William Kapell (1922-1953) was a brilliant American pianist whose life and career were cut short by the crash of an airplane on which he was returning from an overseas tour in October 1953. He was barely 31, but was already acknowledged as the leading American pianist of his generation; some have said he would have been the greatest pianist of the 20th century.
Born in 1922, Kapell studied piano with Dorothea Anderson LaFollette at the Yorkville Settlement School in New York and with Olga Samaroff at the Philadelphia Conservatory and, later, at the Juilliard School. In 1941, he won both a Naumburg Award and the Philadelphia Orchestra Youth Concert competition. This gave him opportunities for major debuts both as a recitalist and as a player of concerti. In 1942, he was given the Town Hall Endowment Series Award, providing him with yet another Town Hall recital during the 1942-43 season. He then signed a contract with RCA Victor and recorded a wide variety of repertoire for that company. (All of Kapell's RCA recordings have been reissued in compact disc format.)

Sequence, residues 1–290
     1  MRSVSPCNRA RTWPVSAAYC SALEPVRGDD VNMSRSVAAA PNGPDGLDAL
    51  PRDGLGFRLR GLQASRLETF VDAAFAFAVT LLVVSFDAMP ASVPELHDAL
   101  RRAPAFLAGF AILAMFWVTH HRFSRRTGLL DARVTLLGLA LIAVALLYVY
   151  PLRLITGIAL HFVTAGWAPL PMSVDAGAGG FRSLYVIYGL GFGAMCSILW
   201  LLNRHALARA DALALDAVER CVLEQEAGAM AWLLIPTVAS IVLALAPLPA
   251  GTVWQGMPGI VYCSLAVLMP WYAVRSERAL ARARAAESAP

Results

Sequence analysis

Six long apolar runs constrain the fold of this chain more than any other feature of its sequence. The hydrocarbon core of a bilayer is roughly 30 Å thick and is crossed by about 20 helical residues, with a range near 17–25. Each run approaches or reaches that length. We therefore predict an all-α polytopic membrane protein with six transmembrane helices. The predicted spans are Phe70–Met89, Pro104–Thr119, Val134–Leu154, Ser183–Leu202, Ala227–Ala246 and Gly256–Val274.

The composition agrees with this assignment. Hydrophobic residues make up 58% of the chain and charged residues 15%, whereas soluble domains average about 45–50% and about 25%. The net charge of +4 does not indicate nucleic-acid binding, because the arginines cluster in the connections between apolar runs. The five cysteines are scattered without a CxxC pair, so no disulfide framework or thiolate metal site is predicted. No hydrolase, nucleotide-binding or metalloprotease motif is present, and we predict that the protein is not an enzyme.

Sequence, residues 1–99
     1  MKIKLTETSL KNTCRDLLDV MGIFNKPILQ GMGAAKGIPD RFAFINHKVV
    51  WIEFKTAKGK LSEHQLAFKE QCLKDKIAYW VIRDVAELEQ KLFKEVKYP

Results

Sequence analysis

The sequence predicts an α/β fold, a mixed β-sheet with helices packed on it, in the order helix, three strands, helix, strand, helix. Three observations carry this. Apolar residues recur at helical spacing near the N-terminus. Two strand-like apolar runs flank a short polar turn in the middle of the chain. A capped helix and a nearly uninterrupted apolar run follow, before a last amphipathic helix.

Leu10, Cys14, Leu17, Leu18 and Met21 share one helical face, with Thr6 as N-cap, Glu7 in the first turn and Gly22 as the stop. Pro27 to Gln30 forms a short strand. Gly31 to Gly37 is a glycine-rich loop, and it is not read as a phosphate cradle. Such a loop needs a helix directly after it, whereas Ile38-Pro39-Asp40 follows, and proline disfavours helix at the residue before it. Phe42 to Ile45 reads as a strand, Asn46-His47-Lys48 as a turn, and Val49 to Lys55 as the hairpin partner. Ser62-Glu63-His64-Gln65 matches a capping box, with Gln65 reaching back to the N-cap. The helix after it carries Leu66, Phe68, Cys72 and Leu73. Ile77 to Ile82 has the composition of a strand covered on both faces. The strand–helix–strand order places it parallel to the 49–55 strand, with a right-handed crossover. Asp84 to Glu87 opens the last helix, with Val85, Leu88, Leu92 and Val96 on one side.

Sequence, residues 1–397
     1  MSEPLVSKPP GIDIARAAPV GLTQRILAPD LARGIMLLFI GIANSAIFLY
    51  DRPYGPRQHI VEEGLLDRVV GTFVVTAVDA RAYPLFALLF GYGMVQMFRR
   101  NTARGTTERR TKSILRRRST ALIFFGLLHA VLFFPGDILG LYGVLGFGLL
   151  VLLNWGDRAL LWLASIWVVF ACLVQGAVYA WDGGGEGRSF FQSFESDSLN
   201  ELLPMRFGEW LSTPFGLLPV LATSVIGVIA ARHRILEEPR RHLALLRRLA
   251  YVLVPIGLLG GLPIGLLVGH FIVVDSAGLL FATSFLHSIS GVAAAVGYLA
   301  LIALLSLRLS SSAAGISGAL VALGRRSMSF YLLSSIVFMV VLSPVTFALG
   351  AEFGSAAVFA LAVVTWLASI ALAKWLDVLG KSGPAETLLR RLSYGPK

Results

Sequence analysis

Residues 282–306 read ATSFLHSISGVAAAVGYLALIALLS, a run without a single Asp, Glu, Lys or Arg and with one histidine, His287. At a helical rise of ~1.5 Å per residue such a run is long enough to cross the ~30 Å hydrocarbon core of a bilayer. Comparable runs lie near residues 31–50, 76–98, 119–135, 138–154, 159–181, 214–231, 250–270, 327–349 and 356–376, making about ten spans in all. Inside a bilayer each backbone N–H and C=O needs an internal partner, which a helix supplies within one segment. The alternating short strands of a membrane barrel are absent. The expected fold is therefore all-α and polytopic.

He toured North America annually thereafter, performing both with major orchestras and as a recitalist. He became an advocate of contemporary American piano music, and seems to have been especially prized by American composers. In 1945, he played a series of concerts in Australia, beginning to build an international reputation. He toured South America three times (1946, 1948, and 1951). He seemed to have a particular affection for music of South America that is reflected in his personal collection of piano music. He first played in Europe in 1947. In mid-1953 he performed in Tel Aviv, played at Casals's Prades Festival, and gave his final series of performances during the course of a three-month Australian tour. Returning from Australia, his plane crashed into a mountain moments before its scheduled landing in San Francisco. (This biographical sketch from the International Piano Archives website.)
This is the only known video footage of pianist William Kapell. He performs the Scarlatti Sonata in E major, K.380 (L.23), the Chopin Nocturne in E flat, op. 55 no. 2, and Gato, an Argentine dance by Emilio A. Napolitano.
And as an encore, here is his legendary performance of Liszt's Mephisto Waltz no. 1, recorded when he was only 22 and still considered among the best of this work.
William Kapell: A Documentary Life History of the American Pianist by Tim Page, available at amazon.com, as well as the CD collection below: